3. Great Britain’s participation at Tokyo 1964 marked the first time that the country’s government had supported para-athletes. They gave grants towards team expenses in the same way that they had done for the Olympic team.
4. The Stoke Mandeville Games Organising Committee was able to negotiate with several airlines on transporting teams to Tokyo by charter, who would eventually even share flights to Japan. A specially adapted slimmer wheelchair was also created, to allow athletes to be transported comfortably down the aisles of the aircraft.
5. The original budget for Tokyo 1964 was 80 million yen and would be funded by the national government, the city and other large-scale donors. However, it soon became apparent that much more would be required and, thanks to media coverage, donations soon came flooding in from some 2,000 individuals and organisations including schools and sports associations to cover all costs.
6. In his evaluation of Tokyo 1964, Guttmann noted “Through circumstances beyond our control, the competitions had to be cramped into 4.5 days and […] our paralysed sportsmen and sportswomen had to start the Games 36-48 hours after arrival. Although there were no ill-effects and, incredible as it may seem, in spite of the strain imposed, records were even broken, such a strain should be avoided in future Games.” There were only three days between when the Olympic Village was handed over to the athletes and the Opening Ceremony. Most events took place in and around the Olympic Village.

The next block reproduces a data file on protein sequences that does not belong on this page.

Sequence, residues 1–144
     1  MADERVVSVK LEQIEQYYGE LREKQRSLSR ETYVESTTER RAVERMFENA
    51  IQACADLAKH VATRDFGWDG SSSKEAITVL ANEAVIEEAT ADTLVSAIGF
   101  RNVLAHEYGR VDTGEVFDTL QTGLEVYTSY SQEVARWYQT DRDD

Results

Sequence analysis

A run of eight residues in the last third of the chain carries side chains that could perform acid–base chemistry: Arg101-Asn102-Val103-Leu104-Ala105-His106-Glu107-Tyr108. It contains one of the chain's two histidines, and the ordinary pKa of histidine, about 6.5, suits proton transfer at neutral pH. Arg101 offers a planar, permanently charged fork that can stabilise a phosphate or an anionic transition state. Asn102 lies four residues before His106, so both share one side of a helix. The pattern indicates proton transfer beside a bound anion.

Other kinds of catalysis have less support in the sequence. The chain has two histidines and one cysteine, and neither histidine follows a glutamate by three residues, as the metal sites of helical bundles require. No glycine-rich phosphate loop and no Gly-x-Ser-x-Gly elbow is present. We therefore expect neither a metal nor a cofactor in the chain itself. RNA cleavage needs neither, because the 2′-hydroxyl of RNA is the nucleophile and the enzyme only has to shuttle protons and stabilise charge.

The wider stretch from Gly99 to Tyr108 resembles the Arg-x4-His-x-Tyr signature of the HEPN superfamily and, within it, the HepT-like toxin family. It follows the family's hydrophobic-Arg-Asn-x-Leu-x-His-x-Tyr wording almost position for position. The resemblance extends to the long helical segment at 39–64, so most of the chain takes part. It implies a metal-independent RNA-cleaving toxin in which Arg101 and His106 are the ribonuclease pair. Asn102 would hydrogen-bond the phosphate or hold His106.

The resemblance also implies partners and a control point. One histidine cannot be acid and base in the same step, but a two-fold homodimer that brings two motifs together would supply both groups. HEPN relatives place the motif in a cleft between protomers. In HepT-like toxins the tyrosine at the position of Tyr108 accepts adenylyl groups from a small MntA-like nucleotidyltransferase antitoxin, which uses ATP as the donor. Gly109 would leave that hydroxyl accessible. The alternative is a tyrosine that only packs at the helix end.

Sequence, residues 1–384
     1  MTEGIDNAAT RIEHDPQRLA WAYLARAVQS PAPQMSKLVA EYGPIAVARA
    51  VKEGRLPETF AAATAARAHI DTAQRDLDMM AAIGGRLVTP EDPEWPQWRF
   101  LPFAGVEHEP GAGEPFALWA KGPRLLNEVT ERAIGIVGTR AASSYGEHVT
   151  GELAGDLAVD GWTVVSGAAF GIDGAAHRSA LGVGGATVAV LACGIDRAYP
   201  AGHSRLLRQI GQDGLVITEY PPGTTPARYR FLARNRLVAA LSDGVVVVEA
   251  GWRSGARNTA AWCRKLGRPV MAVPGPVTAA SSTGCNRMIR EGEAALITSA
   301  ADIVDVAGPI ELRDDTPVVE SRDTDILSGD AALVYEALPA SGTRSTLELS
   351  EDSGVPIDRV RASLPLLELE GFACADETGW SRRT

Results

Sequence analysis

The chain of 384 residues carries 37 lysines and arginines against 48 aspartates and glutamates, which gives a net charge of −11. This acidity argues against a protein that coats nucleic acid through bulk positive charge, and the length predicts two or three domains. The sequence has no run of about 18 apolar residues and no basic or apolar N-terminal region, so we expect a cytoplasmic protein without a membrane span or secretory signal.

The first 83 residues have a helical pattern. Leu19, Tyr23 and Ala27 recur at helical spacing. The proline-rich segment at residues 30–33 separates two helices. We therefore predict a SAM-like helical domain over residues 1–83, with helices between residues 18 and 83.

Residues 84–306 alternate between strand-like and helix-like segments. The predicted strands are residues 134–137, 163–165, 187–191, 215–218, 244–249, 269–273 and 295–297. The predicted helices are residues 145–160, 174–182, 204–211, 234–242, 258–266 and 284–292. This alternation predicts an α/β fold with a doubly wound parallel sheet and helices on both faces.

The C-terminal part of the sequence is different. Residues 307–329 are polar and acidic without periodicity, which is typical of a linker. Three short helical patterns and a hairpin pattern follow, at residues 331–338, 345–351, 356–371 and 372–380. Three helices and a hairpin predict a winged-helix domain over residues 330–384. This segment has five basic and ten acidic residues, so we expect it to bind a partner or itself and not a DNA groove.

7. For some events, such as swimming, the same technical officials as those who had overseen the Olympic Games were used, without experience of para-swimming. This, alongside the language barrier, caused some difficulties which were overcome by specialist technical advisors taking to the pool to demonstrate differences in classifications.
8. According to the official review of Tokyo 1964, 700 reporters came to cover the Games from across Japan. Unlike today where media accommodation must be separate, media worked and slept in the Athletes’ Village.
9. Such was the positive impact on perceptions of people with impairments in Japan that following Tokyo 1964, the Ministry of Labour built a factory to employ this group in recognition of their physical and psychological capabilities.
10. On an official day trip for athletes to Hakone, whilst passing through one village, hundreds of children lined the streets to welcome the procession of coaches.
50 years ago, it was all about miniskirts, the beatles and fuel costed only USD 0.08.
The Tokyo 2020 Paralympic Games will be 10 times as big as the 1964 Games in terms of participating athletes.
This infographic compares results from the Tokyo 1964 Paralympic Games for classes A-D and current world records for F51-56. Athletes with more severe impairments are now included in the Games, but generally the trend has been that performances have improved.